Ngarrindjeri and Kaurna poet Dominic Guerrera will appear at First Nations spoken word event First Words at Writers' Week this weekend, and says Indigenous representation is sorely lacking in Australian literary festivals.
First Words puts Aboriginal poetry centre-stage at Writers’ Week
Dominic Guerrera is a CityMag regular. We’ve covered the Ngarrindjeri and Kaurna person’s curated art exhibition, circles to us, at Nexus Arts, as well as Sovereign Soil, the Two Wells farm they run with agricultural partner Holly Giblin.
1pm Sunday, 28 February
Pioneer Women’s Memorial Garden
King William Street, Adelaide 5000
Browse the full Writers’ Week program here.
Dominic is an Aboriginal Health Worker and an active member of Australia’s literary scene, taking part in spoken word and poetry nights such as Draw Your (S)words, and publishing work in literary journals like Cordite.
This Sunday, 28 February, Dominic and another six local Indigenous poets will perform spoken word poetry as part of Adelaide Writers’ Week event First Words, presented by SA’s peak literary organisation, Writers SA.
“First Words features all Aboriginal poets who are local to South Australia,” Dominic tells CityMag.
“It has a varying degree of people who are high profile, like Ali Cobby Eckermann; to people who have been writing poetry for a long time, like Mandy Brown; and people who are emerging, like myself, and then even Steven Pappin who is someone who has not really done an event like this before.”
Dominic will contribute a range of pieces to the event and highlights to us a work titled Reconciliation Clap Along, where he asks for non-Indigenous people to clap along to lines while questioning their alliances with certain social movements.
“One example is a voice to parliament, or the Uluru Statement [from the Heart], or reconciliation,” Dominic says.
“These are movements I personally think are about assimilating Aboriginal people into the colony of Australia.”
Dominic says “it’s really great” to see so many Aboriginal writers under one roof for First Words because this representation has long been lacking at Australian literary festivals.
First Nations writers in the 2021 Writers’ Week program include Nardi Simpson, Karen Wyld, Jared Thomas and A.B Original musician Briggs. Others include the whole First Words troop: Ali Cobby Eckermann, Mandy Brown, Natalie Harkin, Steven Pappin, Celestine Rowe, and coordinator of writing collective South Australians First Nations Group, Edoardo Crismani.
While Dominic believes representation at Writers’ Week has improved in recent years, the problem stems from a discrepancy in opportunity within the broader literary scene.
“A lot of the people who are getting published are white men,” Dominic says.
“Books getting pushed in bookstores are white men. People selling books are white men. And so, they can take up a lot of space in festivals and in bookshops and so forth.
“I know that the JFL Festival, part of the OzAsia Festival, they’re really diverse. They’re an Indian literary festival and a really diverse group of people. It doesn’t really have the clout or the exposure that an Adelaide Writers’ Week does.”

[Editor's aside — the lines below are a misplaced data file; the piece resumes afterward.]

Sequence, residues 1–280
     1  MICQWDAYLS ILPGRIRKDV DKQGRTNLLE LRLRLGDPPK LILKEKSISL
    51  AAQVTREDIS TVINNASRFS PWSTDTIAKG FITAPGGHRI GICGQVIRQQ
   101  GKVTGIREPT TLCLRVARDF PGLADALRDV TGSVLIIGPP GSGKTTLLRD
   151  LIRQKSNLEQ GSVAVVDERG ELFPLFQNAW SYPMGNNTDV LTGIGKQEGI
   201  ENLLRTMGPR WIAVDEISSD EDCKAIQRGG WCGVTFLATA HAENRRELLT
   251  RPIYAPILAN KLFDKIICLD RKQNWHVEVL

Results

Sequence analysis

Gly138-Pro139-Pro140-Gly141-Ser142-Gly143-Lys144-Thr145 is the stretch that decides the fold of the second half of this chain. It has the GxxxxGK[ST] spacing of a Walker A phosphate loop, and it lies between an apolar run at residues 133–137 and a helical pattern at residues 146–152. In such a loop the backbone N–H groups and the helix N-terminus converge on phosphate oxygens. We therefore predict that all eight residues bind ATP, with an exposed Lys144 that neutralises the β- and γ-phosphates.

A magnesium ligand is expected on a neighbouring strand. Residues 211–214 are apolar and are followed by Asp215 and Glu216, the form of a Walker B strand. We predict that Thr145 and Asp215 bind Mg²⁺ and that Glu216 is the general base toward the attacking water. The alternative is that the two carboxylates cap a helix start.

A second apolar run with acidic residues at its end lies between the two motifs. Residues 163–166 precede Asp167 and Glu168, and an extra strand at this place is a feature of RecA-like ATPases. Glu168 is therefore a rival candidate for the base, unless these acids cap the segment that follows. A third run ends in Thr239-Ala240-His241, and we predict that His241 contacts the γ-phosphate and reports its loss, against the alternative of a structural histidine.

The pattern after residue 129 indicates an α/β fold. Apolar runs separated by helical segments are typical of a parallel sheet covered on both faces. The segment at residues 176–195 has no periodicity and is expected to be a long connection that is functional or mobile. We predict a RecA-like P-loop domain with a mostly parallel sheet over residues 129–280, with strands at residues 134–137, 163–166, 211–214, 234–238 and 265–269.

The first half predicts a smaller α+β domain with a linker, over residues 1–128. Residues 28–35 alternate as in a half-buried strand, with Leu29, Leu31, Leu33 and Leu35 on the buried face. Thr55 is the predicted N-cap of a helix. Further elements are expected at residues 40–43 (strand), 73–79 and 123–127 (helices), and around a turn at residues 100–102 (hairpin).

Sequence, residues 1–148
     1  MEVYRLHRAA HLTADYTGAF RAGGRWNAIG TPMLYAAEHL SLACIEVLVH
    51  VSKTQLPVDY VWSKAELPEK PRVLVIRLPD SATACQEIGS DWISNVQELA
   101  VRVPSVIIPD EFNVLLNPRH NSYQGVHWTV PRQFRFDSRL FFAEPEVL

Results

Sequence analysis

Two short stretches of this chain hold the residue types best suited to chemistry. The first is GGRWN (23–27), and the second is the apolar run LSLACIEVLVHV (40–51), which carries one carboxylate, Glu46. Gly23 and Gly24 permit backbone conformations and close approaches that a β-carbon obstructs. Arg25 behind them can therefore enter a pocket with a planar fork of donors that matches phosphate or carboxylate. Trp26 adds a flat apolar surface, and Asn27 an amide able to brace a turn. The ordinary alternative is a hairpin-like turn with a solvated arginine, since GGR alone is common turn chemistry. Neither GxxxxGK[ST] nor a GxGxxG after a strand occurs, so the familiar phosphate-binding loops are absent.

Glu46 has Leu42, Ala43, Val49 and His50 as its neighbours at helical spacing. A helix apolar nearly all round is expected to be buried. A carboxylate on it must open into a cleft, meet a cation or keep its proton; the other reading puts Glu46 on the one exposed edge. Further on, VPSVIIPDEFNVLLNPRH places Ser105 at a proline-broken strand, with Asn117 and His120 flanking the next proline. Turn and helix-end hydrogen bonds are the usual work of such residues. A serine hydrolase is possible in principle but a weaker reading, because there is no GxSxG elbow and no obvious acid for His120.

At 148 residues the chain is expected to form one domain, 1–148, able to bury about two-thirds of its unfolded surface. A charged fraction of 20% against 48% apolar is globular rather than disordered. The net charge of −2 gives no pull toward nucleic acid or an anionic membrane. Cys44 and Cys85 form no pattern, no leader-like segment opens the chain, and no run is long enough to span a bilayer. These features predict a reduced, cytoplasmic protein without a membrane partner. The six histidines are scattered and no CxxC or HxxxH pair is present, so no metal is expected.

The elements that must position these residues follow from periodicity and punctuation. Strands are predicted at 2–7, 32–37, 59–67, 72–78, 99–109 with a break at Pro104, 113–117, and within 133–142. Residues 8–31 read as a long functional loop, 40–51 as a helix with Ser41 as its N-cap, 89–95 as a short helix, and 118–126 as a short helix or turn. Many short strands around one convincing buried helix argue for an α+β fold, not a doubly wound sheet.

Director of Writers’ Week Jo Dyer tells CityMag First Words is an “amazing lineup of First Nations poets and storytellers” and this year’s bill includes a “mixed but stimulating bag that we hope features something for everyone.”
She says the authors selected for the Writers’ Week program starts with her doing a lot of reading and “careful consideration” before taking options to colleagues and advisors for discussion.
“Most authors in the lineup have recently published books that become the focus of discussion in a particular session, but there are exceptions to this,” Jo says.
“For the session on Cassandra Pybus’s book Truganini, for example, Cassandra is joined by Palawa Elder and senior bureaucrat Ian Anderson, and academic Chongyi Feng joins Geoff Raby for the discussion triggered by Geoff’s book, China’s Grand Strategy and Australia’s Future in the New Global Line Up.
“The session on the Murray Darling Basin includes authors on the subject – Richard Beasley and Margaret Simons – as well as Grant Rigney, the Director of the Murray Lower Darling Rivers Indigenous Nations.”
Jessica Alice is the director of not-for-profit organisation Writer’s SA and says publishing can be a “pretty opaque industry” that’s made worse with barriers like racism and class.
“It’s an issue at every level of the national literary ecology, from publishers, editors and agents, to festival lineups and in audiences,” she says.
“So Writers SA is particularly enthusiastic about presenting events like First Words, and supporting talented groups like the SA First Nations Writers to make literary culture more representative and more accessible.”
Dominic’s poetry is as personal as it is political, and says the reason the art form is important is it connects songs to storylines, and brings him closer to his grandmother, Margaret Brushahan.
“She’s an aboriginal writer who was published,” Dominic says.
“She launched her first collection of poetry, Raukkan, with Magabala Books, I believe was in the late ’80s early-’90s. There’s a few people who write poetry in the family and I think it comes from her.”